Methodology for Children and Adults with Pre-existing Conditions
The U.S. Department of Health and Human Services’ Office of the Assistant Secretary for Planning and Evaluation produced this analysis. The 2008 Medical Expenditure Panel Survey (MEPS) was used to identify individuals who would likely be denied due to a pre-existing condition if they were to apply for coverage in the individual market. A multi-pronged approach was used to identify conditions that would certainly or likely exclude individuals from being offered coverage. Our condition list was generated from two sources: eligibility guidelines from 19 pre-Affordable Care Act high-risk pools and underwriting guidelines from seven major insurance carriers.1 The MEPS was used to identify whether individuals had a medical visit for any of these conditions, experienced any disability days as a result of any of these conditions, and reported that they were bothered by any of these conditions in the past year. Additional questions regarding whether individuals had ever been diagnosed with a smaller set of conditions from these lists were used to further refine our measure.
Two estimates of the share of non-elderly individuals likely to be denied coverage in the non-group market are presented. The first includes only conditions that were identified using eligibility guidelines from high risk pools; and the second includes five additional common conditions (arthritis, asthma, high cholesterol, hypertension, and obesity) and a number of common mental health conditions that would result in an automatic decline, exclusion of the condition, or higher premiums according to the seven insurer guidelines examined. The first estimate includes conditions that will very likely cause an applicant to be denied coverage, and should be considered a lower bound estimate. The second estimate includes conditions that might result in a denial of coverage, but also might result in a ‘rate-up’ (that is, a higher premium) or a coverage rider (that is, a policy that excludes coverage for a pre-existing condition). The following describes in more detail the methodology.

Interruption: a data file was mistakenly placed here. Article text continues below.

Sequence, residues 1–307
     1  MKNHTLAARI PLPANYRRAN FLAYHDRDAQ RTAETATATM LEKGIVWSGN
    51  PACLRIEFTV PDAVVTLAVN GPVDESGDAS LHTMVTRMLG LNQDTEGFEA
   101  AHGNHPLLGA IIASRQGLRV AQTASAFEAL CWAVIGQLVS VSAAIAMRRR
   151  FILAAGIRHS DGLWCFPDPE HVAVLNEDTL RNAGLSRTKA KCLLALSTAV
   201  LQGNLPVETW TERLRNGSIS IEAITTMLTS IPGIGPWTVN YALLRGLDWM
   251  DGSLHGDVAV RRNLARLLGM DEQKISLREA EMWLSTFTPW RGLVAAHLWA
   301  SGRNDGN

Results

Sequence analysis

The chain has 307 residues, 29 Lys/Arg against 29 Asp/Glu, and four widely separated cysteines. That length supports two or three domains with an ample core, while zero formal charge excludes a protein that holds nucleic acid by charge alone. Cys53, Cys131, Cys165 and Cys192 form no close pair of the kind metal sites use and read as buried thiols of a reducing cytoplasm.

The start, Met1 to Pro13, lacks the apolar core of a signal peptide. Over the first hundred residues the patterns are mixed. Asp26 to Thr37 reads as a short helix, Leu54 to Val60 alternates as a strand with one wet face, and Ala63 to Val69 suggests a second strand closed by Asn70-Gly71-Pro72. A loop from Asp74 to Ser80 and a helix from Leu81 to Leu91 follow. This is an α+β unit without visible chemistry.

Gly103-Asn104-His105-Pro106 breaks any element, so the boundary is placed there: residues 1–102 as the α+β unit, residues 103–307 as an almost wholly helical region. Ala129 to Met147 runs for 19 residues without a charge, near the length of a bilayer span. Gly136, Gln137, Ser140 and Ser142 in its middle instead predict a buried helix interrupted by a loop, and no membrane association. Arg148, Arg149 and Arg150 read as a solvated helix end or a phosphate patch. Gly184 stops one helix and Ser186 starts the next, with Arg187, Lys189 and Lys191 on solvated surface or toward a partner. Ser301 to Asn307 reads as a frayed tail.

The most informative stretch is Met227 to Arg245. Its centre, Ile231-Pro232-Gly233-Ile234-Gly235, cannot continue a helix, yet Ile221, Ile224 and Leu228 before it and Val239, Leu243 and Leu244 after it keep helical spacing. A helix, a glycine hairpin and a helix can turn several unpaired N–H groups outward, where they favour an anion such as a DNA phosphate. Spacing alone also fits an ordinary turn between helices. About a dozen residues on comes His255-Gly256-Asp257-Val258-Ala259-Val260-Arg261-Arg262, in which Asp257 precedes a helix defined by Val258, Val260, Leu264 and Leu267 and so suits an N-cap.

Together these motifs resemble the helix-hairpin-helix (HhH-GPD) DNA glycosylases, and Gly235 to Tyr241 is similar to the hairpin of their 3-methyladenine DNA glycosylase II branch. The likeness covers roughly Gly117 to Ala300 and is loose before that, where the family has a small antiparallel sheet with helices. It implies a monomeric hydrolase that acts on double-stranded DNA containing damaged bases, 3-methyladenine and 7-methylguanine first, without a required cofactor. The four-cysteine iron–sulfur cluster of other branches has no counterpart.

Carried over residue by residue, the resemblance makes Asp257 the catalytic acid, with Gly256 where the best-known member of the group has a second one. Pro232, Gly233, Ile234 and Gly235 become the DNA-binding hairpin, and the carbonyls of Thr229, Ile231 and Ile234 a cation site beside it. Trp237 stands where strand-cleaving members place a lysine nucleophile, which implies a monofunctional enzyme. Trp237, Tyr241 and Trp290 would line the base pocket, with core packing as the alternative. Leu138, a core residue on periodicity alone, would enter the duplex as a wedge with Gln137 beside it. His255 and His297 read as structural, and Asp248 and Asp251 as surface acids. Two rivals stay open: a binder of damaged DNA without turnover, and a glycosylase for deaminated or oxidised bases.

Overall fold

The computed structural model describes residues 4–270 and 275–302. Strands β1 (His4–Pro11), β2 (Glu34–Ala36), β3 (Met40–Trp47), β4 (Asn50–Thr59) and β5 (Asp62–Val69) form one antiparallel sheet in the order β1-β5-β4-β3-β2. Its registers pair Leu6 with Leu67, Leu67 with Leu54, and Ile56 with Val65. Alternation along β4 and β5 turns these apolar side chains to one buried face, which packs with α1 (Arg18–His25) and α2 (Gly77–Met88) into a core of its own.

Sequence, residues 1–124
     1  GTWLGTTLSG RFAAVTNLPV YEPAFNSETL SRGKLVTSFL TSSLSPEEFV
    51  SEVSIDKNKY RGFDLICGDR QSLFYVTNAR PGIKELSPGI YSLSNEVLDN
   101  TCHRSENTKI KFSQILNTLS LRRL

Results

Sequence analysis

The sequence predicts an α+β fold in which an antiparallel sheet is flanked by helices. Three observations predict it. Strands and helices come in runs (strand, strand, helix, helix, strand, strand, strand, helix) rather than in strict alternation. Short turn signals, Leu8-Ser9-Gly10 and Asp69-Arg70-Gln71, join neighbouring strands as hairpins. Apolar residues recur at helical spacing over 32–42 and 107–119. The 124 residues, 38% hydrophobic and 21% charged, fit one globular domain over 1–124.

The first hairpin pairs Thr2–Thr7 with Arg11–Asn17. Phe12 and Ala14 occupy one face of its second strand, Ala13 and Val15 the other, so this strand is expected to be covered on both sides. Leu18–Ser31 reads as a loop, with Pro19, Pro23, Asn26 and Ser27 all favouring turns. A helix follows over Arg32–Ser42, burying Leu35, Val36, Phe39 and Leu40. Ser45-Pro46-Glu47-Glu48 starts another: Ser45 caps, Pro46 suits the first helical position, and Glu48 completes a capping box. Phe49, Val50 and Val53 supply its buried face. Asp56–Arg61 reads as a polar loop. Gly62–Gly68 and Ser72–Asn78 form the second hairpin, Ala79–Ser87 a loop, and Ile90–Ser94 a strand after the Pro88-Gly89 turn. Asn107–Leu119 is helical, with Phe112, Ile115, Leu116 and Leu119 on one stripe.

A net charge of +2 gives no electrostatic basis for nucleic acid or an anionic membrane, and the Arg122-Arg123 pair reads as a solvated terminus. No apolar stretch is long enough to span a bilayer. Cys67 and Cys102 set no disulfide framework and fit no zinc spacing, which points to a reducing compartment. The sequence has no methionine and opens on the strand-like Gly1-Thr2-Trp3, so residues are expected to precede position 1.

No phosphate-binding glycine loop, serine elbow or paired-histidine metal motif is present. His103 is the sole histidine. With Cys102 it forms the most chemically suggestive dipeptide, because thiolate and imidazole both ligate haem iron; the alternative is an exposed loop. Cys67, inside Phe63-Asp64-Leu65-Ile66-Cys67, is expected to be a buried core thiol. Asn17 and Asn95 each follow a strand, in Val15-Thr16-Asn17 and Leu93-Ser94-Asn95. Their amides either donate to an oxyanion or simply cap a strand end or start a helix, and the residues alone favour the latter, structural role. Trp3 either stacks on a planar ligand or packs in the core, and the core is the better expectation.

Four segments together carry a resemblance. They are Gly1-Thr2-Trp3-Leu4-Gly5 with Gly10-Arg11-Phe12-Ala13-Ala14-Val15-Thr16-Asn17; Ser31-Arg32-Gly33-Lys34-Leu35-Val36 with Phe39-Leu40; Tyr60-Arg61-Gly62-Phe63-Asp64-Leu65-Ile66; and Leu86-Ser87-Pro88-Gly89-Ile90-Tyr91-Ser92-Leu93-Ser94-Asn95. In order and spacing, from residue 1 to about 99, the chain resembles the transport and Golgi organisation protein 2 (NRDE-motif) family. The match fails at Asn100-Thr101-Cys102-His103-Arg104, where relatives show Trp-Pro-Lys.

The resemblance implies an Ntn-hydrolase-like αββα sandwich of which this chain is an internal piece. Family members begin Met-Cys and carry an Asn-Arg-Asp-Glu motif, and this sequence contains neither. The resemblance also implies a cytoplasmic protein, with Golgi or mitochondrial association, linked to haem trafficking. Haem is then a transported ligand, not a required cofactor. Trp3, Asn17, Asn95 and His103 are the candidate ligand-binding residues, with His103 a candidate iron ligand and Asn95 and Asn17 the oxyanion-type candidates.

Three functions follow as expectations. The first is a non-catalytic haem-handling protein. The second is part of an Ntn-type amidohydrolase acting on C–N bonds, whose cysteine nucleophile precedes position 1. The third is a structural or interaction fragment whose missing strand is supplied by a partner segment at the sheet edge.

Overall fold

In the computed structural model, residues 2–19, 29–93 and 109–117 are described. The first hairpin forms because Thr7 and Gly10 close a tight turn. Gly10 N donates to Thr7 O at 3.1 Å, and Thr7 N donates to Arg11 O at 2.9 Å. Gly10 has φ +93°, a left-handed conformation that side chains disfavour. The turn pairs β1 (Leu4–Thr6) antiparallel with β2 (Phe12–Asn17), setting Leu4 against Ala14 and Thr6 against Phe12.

First Measure: High-Risk Pool Definition of Pre-Existing Conditions
Individuals likely to be uninsurable were identified in the following manner. An approach developed by the Lewin Group was replicated and identified conditions reported by five or more of the 19 pre-Affordable Care Act state high risk pools as indicating automatic eligibility for enrollment in the pool.2 This list included the following conditions: alcohol and drug abuse, chemical dependency, acquired immune deficiency syndrome (AIDS), Alzheimer’s disease, angina pectoris, anorexia nervosa, aortic aneurysm, aplastic anemia, arteriosclerosis, artificial heart valve or heart valve replacement, ascites, brain tumor, cancer (excluding skin), cancer (metastatic), cardiomyopathy/primary cardiomyopathy, cerebral palsy/palsy, chronic obstructive pulmonary disease (COPD), chronic pancreatitis, cirrhosis of the liver, congestive heart failure, coronary artery disease, coronary insufficiency, coronary occlusion, Crohn’s disease, cystic fibrosis, dermatomyositis, diabetes, emphysema/pulmonary emphysema, Friedreichs’s disease/ataxia, hemophilia, active and chronic hepatitis, HIV positive, Hodgkin’s disease, hydrocephalus, intermittent claudication, kidney failure, kidney disease, and kidney disease with dialysis, lead poisoning with cerebral involvement, leukemia, Lou Gehrig’s Disease/amyotophic lateral sclerosis (ALS), lupus erythematosus, disseminate, and lupus, malignant tumors, major organ transplant, motor or sensory aphasia, multiple or disseminated sclerosis, muscular atrophy or dystrophy, myasthenia gravis, myocardial infarction, myotonia, paraplegia or quadriplegia, Parkinson’s disease, peripheral arteriosclerosis, polyarteritis, polycystic kidney, postero-lateral sclerosis, psychotic disorders, silicosis, splenic anemia, True Banti’s syndrome, Banti’s disease, rheumatoid arthritis, sickle cell anemia and disease, Stills disease, stroke, syringomyelia (spina bifida or myelomeningocele), tabes dorsailis, thalassemia (Cooley’s or Mediterranean anemia), ulcerative colitis and Wilson’s disease.3